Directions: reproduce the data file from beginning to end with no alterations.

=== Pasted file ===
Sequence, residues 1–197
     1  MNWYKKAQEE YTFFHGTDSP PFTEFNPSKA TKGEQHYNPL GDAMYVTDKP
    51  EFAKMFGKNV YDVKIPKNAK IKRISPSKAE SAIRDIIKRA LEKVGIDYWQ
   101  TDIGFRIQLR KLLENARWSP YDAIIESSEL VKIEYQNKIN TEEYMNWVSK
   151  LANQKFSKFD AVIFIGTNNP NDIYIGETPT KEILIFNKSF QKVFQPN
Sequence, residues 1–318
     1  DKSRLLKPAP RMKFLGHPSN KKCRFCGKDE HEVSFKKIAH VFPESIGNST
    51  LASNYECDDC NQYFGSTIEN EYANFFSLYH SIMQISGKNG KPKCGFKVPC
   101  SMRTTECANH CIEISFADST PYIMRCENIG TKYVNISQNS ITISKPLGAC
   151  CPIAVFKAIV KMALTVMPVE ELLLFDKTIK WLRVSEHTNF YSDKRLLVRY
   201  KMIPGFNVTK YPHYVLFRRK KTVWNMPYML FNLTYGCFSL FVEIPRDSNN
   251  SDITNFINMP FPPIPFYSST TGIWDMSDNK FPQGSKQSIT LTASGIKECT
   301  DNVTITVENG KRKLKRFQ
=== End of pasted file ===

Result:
Sequence, residues 1–197
     1  MNWYKKAQEE YTFFHGTDSP PFTEFNPSKA TKGEQHYNPL GDAMYVTDKP
    51  EFAKMFGKNV YDVKIPKNAK IKRISPSKAE SAIRDIIKRA LEKVGIDYWQ
   101  TDIGFRIQLR KLLENARWSP YDAIIESSEL VKIEYQNKIN TEEYMNWVSK
   151  LANQKFSKFD AVIFIGTNNP NDIYIGETPT KEILIFNKSF QKVFQPN
Sequence, residues 1–318
     1  DKSRLLKPAP RMKFLGHPSN KKCRFCGKDE HEVSFKKIAH VFPESIGNST
    51  LASNYECDDC NQYFGSTIEN EYANFFSLYH SIMQISGKNG KPKCGFKVPC
   101  SMRTTECANH CIEISFADST PYIMRCENIG TKYVNISQNS ITISKPLGAC
   151  CPIAVFKAIV KMALTVMPVE ELLLFDKTIK WLRVSEHTNF YSDKRLLVRY
   201  KMIPGFNVTK YPHYVLFRRK KTVWNMPYML FNLTYGCFSL FVEIPRDSNN
   251  SDITNFINMP FPPIPFYSST TGIWDMSDNK FPQGSKQSIT LTASGIKECT
   301  DNVTITVENG KRKLKRFQ